But don’t jump straight for the iPhone X after reading this as both it and the iPhone 8 Plus will benefit equally from Apple’s first self-designed ISP (Image Signal Processor) which improves pixel processing, low-light autofocus and noise reduction.
In short: both the iPhone X and iPhone 8 Plus will be right up there with the best smartphone cameras on the market.
Read More – Apple’s New iPhones Have A Nasty Surprise
Battery Life And Charging – Bigger Is Better
While the iPhone 8 Plus has been struggling for wins against the iPhone X, it takes an undisputed victory when it comes to battery life.
Here the iPhone X can match the talk time and audio playback of the iPhone 8 Plus, but the latter offers an hour of extra web browsing and video playback (where the iPhone X only matches the iPhone 8). I’d also expect longer standby times, though Apple declines to list those.
Still the real headlines are not how long the iPhone X or iPhone 8 Plus last, but how they charge. As mentioned earlier, their glass backs bring wireless charging and there’s also fast wired charging (50% charge in just 30 minutes), but it is important to note both features come with catches.
For starters Apple’s wireless charging is Qi-compatible (the most popular wireless charging standard), but it only works at 5W when Qi has 7.5W and 15W fast wireless charging which is supported by the likes of LG and Samsung. Apple’s own ‘AirPower’ wireless standard will emerge in 2018 (presumably to add faster charging) but I doubt it will be 15W Qi-compatible.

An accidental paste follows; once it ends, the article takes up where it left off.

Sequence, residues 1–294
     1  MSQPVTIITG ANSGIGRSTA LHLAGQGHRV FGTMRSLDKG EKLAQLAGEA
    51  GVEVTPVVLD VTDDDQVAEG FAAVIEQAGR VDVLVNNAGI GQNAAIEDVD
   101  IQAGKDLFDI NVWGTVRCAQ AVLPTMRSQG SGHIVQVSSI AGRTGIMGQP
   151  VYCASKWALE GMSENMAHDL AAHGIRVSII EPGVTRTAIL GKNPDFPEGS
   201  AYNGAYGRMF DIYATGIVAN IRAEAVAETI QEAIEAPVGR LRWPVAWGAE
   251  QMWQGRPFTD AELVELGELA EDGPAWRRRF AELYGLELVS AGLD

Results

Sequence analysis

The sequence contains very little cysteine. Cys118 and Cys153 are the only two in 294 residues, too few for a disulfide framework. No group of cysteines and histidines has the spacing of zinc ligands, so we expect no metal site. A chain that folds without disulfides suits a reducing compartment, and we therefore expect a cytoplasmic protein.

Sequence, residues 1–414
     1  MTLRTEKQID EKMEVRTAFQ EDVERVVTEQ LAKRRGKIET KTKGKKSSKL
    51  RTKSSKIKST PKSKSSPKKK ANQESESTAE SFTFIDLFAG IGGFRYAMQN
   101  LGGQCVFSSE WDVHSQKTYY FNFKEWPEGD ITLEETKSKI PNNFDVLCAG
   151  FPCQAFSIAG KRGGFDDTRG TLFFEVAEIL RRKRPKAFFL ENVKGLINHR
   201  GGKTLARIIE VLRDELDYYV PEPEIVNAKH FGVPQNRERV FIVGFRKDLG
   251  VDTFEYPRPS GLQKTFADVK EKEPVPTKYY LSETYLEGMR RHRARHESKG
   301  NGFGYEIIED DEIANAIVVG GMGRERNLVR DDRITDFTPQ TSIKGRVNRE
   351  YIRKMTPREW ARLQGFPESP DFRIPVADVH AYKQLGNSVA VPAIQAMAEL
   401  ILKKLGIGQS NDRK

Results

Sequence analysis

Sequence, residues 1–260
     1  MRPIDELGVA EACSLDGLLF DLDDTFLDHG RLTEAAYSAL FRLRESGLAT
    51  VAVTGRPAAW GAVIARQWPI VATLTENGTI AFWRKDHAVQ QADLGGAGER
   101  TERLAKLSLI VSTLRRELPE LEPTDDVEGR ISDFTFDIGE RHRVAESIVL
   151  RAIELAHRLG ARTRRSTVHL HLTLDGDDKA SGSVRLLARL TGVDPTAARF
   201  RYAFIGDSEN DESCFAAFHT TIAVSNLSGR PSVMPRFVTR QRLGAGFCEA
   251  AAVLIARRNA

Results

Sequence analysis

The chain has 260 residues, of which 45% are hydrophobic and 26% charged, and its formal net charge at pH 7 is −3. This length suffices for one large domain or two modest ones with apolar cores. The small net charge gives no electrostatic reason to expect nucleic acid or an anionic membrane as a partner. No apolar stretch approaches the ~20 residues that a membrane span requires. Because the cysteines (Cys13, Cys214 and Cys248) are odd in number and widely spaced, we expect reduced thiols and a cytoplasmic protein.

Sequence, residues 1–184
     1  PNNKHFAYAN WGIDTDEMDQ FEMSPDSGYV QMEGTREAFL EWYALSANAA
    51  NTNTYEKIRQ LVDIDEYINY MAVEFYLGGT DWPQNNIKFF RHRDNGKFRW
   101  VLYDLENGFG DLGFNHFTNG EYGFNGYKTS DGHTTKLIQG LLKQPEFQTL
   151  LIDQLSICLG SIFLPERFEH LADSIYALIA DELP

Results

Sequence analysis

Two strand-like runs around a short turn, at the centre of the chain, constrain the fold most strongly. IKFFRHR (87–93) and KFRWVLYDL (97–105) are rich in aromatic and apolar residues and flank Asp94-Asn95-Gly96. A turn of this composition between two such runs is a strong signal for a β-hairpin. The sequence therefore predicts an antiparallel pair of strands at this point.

Meanwhile fast wired charging is not available out the box and both Apple’s optional fast charger and fast charging cable are expensive. This means Apple is the only smartphone company on the market not bundling fast wired chargers and cables with its devices, a fact made all the more incredible when you see the new iPhones’ prices…
Read More – iPhone 8 Vs iPhone 7: What’s The Difference?
Storage And Price – Wallet Busters
First the good news: Apple has doubled the entry level story of both the iPhone X and iPhone 8 Plus from 2016’s 32GB to 64GB. The bad news: there is no midrange 128GB option and both models are more expensive than any previous iPhone.
- iPhone X – 64GB ($999), 256GB ($1,149)
- iPhone 8 Plus – 64GB ($799), 256GB ($949)
The iPhone 8 Plus has by far the milder shock being just $20 more than the iPhone 7 Plus at entry level and top tier when it launched. This makes the 64GB model potentially the ‘value’ option on show.
Meanwhile the iPhone X takes Apple’s iPhone pricing to a whole new level with even the entry level model busting through the $1,000 bracket after tax. Meanwhile if you buy a 256GB iPhone X, two fast chargers (home and office), some Apple insurance (because duh!), a wireless charger and then drop the phone once breaking the glass back you’re looking at a total cost of ownership in the first year in excess of $1,700.
Your bank balance will determine whether you go for the iPhone X or iPhone 8 Plus, though some of the cost will be helped by spreading it over a two year carrier contract. In fact I’m somewhat surprised three year carrier contracts are not a thing by now.
Note: if you do go for the iPhone X stock will be extremely limited throughout 2017 and shortages will extend well into 2018.
In five years time no-one will remember the iPhone 8 Plus. That’s not to write it off (it’s an incredibly capable phone), but 2017 will be all about the year Apple changed direction with the iPhone X. Whether you want to get in on the ground floor of generation one is the big decision.
Ultimately what paying $200 more for the iPhone X buys you is a classy design (unless you hate the notch), superior display, incrementally better telephoto camera and Face ID. What it costs you is Touch ID and the iPhone 8 Plus’ superior battery life.
But to claim this battle is simply Style Vs Substance would be reductive. The iPhone X is the future of iPhone’s, the question is how soon and how much are you willing to pay to be a part of it?